This is the question that needs to be answered:
Different types of views dispute the natural law claim that evil law is not law. Choose a critique from the reading (Austin, Hart and Holmes all have some critiques) or find one in the literature, and assess its merits: Does the argument work to disprove the claim that bad law is not law? Does it have some flaw or weakness? Can the view be amended to accommodate the criticism?
General advice on writing the paper:
-Write an outline first. The sort of paper philosophers want is one that has a clear rhetorical path – something like: Here is the position I will be considering (cite reference), here is the argument I will asses (cite reference), here is how the argument works (explain), here is a problem with it (explain), here is a solution to that problem (or maybe, ‘I can’t see a solution to this problem’), This is how the argument affects the position (explain) etc. etc. For this sort of paper, you can’t expect to write a good one unless you’ve thought out all the moves in advance. So think out the paper, and write out an outline listing what you are going to do, in what order, in advance.
- Pay attention to the arguments. They are the stars of the show. Don’t waste time on biographical or bibliographic details, don’t bother with history (unless it’s directly pertinent to the arguments) just get to the positions, arguments and counter-arguments. Don’t worry about writing a good intro or conclusion. It’s perfectly fine to start with “Aquinas claims that p”, where p is some philosophically interesting claim, and end with the last substantive sentence, without any “In summary, I think that…” although, of course, you can add such a conclusion.
Take small bites. The topics I’ve outlined above are tailored so that they don’t ask you to tackle too much at once. It’s difficult to get a feel for how big a topic needs to be, but for papers as short as this, the simple rule is ONE position, ONE or TWO arguments, no more. It will take you at least a page to set the stage (describe the position, etc) and at least another page to describe the argument completely, which means before you even get to the analysis of the argument, you’re on page 3, of 5. So don’t try and survey a bunch of arguments, just pick one. Deep and narrow is almost always better than wide and shallow in philosophy.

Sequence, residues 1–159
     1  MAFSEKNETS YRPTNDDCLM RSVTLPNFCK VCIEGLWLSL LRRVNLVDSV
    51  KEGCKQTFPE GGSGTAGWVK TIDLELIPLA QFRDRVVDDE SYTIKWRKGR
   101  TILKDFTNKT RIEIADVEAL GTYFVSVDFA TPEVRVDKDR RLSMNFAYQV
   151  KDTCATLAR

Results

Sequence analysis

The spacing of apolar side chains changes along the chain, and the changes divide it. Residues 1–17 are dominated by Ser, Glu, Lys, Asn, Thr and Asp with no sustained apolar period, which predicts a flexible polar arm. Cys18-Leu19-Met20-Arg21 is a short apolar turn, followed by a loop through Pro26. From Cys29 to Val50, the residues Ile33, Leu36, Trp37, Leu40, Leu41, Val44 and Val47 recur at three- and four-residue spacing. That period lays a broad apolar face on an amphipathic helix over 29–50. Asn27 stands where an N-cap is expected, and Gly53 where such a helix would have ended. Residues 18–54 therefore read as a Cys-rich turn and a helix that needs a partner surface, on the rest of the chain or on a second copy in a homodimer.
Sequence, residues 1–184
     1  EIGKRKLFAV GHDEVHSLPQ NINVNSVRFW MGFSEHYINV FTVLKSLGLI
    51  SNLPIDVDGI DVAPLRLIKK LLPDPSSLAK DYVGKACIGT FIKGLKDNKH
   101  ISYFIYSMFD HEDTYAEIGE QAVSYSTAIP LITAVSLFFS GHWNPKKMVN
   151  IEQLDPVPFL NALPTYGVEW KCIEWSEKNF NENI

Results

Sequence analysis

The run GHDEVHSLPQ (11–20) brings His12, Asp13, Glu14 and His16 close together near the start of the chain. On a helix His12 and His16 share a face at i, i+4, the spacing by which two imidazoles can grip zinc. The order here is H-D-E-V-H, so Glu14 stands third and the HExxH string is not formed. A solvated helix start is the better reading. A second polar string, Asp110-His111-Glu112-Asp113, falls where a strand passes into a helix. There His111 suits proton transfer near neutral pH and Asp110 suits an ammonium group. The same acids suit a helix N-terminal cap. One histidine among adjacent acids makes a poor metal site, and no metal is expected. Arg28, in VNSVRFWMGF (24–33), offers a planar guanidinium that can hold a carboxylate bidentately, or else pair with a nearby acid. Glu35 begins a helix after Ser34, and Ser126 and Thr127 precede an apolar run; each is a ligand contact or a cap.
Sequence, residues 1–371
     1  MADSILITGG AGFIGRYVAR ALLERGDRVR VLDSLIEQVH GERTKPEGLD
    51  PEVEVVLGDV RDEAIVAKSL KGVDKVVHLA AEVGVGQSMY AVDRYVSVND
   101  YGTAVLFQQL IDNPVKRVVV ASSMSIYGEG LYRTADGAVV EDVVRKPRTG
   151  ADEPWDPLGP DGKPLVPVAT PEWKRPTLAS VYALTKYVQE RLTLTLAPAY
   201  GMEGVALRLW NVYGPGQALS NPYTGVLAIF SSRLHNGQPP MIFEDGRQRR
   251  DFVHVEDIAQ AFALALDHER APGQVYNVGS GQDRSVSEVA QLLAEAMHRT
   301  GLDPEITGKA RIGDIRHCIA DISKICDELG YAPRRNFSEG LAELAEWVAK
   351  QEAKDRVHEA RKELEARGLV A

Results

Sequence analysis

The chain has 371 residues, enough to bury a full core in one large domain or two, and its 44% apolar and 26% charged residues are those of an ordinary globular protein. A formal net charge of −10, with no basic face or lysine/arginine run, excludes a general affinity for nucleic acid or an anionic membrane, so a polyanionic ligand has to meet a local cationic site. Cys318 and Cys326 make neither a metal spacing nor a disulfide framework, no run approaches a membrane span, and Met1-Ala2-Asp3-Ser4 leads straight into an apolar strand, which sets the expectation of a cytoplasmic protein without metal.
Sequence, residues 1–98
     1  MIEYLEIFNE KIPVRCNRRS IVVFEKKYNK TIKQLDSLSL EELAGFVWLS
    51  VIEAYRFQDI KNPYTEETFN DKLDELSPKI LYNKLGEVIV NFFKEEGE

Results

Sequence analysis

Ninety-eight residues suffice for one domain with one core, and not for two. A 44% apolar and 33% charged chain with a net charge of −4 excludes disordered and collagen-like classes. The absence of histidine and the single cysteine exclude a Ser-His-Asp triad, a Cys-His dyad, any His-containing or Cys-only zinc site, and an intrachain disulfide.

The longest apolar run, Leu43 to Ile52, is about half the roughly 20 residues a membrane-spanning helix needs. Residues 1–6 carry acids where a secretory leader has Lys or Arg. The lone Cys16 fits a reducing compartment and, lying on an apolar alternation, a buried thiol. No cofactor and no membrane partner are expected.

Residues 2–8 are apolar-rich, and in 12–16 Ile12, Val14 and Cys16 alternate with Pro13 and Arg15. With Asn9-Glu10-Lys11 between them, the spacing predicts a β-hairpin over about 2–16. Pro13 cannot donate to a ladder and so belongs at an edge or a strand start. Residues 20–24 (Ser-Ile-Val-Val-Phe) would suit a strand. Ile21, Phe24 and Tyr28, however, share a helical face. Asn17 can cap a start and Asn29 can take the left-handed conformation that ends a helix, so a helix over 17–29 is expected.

-Read and think about the material. This might sound superfluous, but it’s really important that you spend some time thinking about the arguments and positions. You’ll know that you’re thinking about them properly when you begin to see knew things in them, or your opinions about them begin to change.
Citations can be in any style (e.g. MLA parenthesis, footnotes, endnotes, etc) so long as the style is properly followed. Unless the bibliographical information is included in the references, provide a bibliography (works cited) page.
There is no maximum or minimum number of citations, but this isn’t meant to be a survey of the literature, nor is it an unreferenced think piece. 2-5 references is a rough guide.